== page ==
After the ruffle of the earlier Reuters story (see below), it appears that the Saudi supertanker seized by pirates in the Indian Ocean has not been freed. All media reporting today is about how it is headed toward a Somali port and efforts to negotiate a ransom.
UPDATE: The UK’s Daily Mirror reports that the pirates are seeking $10 million in ransom for the tanker and its contents and the return of the crew. Over the past several years, the owners of hijacked ships have tended to pay ransoms, an act that of course does nothing to deter future pirates. Perhaps it is time to deal with the pirates harshly, no matter the reasons they provide for self-justification.
UPDATE: The UK’s Times carries a fresh story with official Saudi government reaction to the hijacking. Let’s say that the Saudis are not amused:
International Herald Tribune reports:
The BBC, with a video clip:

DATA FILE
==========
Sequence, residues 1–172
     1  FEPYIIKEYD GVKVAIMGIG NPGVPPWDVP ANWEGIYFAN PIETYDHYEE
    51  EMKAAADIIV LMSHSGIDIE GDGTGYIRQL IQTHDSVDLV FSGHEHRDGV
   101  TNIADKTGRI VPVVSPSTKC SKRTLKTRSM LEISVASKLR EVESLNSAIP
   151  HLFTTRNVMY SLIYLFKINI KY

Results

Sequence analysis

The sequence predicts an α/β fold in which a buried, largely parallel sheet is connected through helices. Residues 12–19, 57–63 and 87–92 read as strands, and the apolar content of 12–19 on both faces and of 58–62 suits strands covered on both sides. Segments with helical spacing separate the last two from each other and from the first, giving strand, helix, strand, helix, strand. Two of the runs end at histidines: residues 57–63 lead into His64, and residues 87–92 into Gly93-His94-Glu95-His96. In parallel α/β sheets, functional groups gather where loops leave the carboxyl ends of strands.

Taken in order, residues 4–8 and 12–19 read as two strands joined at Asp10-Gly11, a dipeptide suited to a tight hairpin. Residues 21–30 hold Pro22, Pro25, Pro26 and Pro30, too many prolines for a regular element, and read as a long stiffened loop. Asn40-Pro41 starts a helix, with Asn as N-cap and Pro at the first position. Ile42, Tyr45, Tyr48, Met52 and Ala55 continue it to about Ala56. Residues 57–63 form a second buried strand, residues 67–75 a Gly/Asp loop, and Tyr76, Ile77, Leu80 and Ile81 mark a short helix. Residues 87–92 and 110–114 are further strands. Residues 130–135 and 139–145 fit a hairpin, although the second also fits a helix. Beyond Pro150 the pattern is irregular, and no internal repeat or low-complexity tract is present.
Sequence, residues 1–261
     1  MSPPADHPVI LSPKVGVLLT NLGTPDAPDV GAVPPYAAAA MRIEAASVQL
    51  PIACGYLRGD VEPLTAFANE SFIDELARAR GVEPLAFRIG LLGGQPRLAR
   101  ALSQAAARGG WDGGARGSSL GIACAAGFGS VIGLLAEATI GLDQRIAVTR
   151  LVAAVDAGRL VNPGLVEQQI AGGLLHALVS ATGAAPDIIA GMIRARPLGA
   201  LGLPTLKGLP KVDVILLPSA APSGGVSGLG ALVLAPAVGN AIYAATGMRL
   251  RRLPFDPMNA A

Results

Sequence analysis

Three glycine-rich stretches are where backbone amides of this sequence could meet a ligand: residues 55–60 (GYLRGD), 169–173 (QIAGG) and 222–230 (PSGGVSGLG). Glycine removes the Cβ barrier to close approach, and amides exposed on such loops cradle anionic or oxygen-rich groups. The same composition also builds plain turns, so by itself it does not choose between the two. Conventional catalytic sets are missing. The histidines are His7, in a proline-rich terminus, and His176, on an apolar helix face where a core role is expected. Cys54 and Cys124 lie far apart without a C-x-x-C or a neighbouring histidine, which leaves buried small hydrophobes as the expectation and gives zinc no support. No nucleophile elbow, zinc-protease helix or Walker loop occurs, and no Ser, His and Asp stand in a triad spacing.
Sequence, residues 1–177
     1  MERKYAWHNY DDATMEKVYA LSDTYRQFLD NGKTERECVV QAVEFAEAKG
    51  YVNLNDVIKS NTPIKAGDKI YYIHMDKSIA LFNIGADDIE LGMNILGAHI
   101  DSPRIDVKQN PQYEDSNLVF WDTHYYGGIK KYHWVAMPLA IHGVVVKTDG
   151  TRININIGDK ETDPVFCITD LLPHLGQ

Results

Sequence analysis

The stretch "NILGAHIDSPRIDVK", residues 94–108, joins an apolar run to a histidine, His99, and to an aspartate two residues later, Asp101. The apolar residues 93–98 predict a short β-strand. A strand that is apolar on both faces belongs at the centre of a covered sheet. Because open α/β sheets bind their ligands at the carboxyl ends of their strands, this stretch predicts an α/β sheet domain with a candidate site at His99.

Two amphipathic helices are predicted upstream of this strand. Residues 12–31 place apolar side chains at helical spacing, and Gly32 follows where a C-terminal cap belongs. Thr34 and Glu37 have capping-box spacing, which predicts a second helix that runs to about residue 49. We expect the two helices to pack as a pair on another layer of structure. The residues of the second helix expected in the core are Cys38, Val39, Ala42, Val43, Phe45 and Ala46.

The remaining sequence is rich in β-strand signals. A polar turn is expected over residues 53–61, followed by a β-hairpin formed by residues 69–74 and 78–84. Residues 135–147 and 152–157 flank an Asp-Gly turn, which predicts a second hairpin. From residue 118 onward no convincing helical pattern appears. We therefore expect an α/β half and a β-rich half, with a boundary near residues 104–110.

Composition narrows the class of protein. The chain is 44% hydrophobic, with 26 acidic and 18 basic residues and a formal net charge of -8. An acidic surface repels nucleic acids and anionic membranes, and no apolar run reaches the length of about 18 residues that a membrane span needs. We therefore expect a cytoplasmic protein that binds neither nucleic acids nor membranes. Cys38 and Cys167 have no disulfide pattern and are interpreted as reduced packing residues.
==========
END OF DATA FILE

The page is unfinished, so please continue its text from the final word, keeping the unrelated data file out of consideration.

CNN has this report, with two video clips that show the problem of policing this part of the world’s ocean:
Saudi newspaper reports, at present, are summaries of international wire stories and add nothing new, largely due to time zone differences and printing deadlines.
Here’s a very well done discussion of the problem of piracy and international law from the Opinio Juris law blog:
This hijacking ratchets up the problem of piracy on the high seas. It took place far out to sea and much further south than previous incidents and well out of range of the international anti-piracy patrols. Dealing with the problem in courts will be interesting, to say the least. The first ‘issue’ is going to be that most law is ‘land law’, including most of the laws concerning the use of force. Piracy, however, is covered by ‘Law of the Sea’ and Admiralty Law. This is, in many ways, a much older collection of international laws and is far harsher in its judgments and actions.